James is a flurry of mock-suspicious glares and singsong teasing, while Tyler plays things closer to the vest. It's the opposite on the court, where Tyler plays an overcaffeinated twitch, and James attacks more selectively. But their contrasting temperaments match up. "Sometimes he's quiet to my loud, sometimes he's loud to my quiet," James says. "It just works."
Look deeper and you'll find things that might explain their natural rapport. Between James, who hails from Cheyenne, Wyoming, and Tyler, who was born in North Dakota, the two Johnsons represent two of the four least populated states in the union. ("We're doing all right, huh?" says James.) They both did tours in the D-League, James briefly to keep his NBA career afloat in 2013, Tyler hunting for a ten-day contract to jumpstart his after college.
But both insist their camaraderie has nothing to do with any of those things, and everything to do with the name.
Tyler and James refer to each other as brothers, of course, and James talks about checking up on his nephew, Tyler's son Dameon. And as the neighboring Johnson families take turns hosting each other for dinners, the name has made those terms of endearment take on an almost literal quality.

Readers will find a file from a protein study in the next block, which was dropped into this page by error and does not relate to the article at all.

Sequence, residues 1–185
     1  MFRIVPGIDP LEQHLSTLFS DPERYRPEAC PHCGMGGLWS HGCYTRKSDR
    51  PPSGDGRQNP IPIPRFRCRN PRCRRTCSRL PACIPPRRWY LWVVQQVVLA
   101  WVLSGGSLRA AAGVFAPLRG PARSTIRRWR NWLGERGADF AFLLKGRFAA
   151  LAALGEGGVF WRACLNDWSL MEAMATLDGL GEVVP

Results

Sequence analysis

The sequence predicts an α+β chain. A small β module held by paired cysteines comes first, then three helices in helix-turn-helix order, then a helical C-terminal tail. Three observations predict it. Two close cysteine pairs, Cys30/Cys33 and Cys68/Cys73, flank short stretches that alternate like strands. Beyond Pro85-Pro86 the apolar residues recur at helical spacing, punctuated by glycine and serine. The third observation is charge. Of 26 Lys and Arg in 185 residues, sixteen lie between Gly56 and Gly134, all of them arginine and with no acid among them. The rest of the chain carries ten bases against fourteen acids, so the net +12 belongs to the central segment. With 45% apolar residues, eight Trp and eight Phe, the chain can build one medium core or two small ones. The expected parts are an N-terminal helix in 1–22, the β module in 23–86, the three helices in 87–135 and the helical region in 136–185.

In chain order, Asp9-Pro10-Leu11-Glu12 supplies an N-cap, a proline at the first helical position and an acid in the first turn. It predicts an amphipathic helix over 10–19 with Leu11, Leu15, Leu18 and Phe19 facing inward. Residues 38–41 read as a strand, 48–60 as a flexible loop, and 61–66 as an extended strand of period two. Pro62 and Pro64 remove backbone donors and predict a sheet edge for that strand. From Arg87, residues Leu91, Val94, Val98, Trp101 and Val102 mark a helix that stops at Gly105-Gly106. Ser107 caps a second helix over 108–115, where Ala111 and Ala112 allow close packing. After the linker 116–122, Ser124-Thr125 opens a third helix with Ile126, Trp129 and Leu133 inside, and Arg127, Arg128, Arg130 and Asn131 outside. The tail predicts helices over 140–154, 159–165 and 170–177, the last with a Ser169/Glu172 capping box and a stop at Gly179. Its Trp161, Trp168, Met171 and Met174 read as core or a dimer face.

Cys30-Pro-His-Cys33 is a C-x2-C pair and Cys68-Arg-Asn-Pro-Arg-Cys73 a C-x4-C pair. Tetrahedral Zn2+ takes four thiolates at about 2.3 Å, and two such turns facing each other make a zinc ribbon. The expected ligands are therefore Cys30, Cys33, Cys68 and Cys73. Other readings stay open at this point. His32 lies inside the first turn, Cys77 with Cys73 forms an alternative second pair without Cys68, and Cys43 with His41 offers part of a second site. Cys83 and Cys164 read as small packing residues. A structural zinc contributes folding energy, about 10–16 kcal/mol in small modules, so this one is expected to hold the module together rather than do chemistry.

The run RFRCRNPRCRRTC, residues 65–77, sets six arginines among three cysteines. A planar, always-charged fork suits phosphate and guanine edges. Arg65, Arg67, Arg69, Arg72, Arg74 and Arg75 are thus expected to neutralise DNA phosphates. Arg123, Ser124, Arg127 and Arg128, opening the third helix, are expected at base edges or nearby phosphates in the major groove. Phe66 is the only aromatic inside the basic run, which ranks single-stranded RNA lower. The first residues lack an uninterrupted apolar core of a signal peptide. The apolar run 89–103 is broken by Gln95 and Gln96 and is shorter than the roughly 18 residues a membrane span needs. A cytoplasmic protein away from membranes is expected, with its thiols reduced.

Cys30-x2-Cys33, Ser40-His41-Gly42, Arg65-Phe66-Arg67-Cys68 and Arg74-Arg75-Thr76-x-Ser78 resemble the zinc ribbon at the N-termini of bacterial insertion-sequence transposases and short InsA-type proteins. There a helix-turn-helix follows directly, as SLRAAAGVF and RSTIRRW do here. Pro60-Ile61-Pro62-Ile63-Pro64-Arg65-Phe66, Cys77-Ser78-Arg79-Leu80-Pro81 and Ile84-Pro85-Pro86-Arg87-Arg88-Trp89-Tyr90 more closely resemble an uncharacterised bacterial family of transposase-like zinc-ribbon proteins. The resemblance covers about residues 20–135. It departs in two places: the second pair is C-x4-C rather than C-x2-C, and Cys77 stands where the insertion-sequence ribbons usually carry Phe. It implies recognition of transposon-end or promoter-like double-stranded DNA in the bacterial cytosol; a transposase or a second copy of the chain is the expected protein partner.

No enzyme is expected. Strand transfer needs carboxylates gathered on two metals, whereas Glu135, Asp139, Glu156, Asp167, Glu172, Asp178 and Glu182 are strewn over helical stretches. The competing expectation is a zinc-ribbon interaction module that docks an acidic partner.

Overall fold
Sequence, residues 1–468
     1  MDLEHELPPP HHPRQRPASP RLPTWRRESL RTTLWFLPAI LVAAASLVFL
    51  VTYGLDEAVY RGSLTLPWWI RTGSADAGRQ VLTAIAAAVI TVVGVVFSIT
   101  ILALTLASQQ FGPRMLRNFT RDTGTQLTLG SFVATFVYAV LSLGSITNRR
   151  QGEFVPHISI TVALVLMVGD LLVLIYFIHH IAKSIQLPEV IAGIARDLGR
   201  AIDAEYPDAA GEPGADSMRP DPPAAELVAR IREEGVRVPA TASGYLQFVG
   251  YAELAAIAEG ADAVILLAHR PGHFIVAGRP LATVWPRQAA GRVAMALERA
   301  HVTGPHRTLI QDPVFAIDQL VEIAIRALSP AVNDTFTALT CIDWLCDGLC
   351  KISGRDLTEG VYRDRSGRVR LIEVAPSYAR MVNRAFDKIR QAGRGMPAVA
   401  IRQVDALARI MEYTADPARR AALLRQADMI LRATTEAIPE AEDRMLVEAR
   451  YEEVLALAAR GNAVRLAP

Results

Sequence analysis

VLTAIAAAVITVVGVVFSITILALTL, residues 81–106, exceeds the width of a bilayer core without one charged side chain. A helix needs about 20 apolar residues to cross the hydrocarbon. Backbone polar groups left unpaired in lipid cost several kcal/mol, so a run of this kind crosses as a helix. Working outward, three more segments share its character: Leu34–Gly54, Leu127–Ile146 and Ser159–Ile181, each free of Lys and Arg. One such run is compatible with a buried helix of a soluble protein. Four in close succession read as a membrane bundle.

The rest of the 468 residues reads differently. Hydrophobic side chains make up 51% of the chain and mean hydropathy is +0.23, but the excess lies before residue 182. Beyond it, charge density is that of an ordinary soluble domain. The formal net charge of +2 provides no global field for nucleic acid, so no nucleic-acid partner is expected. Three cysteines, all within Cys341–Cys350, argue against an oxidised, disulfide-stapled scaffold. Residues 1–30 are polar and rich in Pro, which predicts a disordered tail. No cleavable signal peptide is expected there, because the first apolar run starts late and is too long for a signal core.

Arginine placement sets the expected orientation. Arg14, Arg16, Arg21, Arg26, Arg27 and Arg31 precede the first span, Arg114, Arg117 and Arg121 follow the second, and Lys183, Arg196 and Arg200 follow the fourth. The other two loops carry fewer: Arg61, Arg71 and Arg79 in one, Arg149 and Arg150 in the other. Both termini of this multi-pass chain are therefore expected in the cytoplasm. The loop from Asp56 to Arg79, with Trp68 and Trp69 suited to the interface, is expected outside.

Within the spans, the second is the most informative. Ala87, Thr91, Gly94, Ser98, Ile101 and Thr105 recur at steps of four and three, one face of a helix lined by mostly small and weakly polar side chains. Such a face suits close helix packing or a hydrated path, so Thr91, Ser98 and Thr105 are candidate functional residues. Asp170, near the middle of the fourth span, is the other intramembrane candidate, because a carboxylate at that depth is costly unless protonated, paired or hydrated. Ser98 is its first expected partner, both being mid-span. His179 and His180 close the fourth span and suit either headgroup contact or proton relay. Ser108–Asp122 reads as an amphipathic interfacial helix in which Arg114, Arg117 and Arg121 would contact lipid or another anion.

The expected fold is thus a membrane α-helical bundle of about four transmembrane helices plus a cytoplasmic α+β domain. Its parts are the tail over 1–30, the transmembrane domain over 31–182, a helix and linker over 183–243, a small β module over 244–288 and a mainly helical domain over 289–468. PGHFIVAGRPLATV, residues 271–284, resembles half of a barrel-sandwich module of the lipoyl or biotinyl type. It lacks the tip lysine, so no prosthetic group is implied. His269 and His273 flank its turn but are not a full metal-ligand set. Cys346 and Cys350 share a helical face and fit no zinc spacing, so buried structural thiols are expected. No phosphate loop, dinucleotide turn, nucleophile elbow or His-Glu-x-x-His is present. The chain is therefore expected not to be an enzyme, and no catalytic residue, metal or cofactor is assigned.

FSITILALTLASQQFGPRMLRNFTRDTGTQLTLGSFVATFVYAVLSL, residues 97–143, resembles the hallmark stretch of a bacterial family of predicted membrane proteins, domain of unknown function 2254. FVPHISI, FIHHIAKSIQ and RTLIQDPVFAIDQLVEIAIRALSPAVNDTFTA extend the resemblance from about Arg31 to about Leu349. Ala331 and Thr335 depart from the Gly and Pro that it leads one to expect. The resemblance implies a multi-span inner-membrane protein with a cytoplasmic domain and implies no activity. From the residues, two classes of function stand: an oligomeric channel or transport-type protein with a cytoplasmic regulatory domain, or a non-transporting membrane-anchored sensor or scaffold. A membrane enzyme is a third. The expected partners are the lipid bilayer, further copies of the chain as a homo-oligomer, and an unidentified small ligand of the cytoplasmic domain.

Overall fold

Still, it's not like they walked on court the first day of training camp with an innate sense of each other's games; great partnerships take work. But they did share the Johnson ethic—a devotion to late nights in the gym. They practiced playing handoffs and screens, got extra shots up, lifted weights, worked on "damn near everything" together, James says.
That sweat brought them closer, and both think it's made them better players. "He forces me to talk," Tyler says, "because that was one of my biggest weaknesses coming into the season, was my ability to have a voice. He makes me talk about what I'm seeing on the floor, and he tells me what he's seeing." For his part, James credits Tyler with pushing him even harder in workouts.
Their two-man game in the halfcourt, though, is where they are punking opponents. James roams from elbow to elbow giving screens and reversing the ball, while Tyler, a furious satellite, races around him. They mix in slipped-screen actions with brisk give-and-gos, improvising the timing and location of the exchanges mostly on feel, James tells me.
"They play really well off each other," says Josh Richardson, the Heat's starting shooting guard, recently returned from injury. "J.J. likes setting screens, and Ty likes coming off screens. It's gotten to the point where they know where each other are gonna be at."